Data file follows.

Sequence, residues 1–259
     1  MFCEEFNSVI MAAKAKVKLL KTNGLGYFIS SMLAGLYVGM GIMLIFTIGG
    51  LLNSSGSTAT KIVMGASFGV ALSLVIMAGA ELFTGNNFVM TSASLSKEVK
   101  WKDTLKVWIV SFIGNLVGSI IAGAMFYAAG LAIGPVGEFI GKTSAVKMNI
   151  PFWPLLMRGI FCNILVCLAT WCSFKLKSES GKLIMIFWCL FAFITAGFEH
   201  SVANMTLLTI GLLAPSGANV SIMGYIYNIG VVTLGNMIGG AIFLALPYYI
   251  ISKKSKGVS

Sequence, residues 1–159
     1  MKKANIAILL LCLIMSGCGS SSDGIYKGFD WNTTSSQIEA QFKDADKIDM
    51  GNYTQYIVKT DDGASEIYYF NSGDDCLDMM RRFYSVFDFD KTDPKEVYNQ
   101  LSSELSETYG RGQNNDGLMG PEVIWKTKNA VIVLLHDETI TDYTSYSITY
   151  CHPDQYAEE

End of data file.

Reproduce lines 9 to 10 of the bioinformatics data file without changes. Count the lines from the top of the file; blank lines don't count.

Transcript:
     1  MKKANIAILL LCLIMSGCGS SSDGIYKGFD WNTTSSQIEA QFKDADKIDM
    51  GNYTQYIVKT DDGASEIYYF NSGDDCLDMM RRFYSVFDFD KTDPKEVYNQ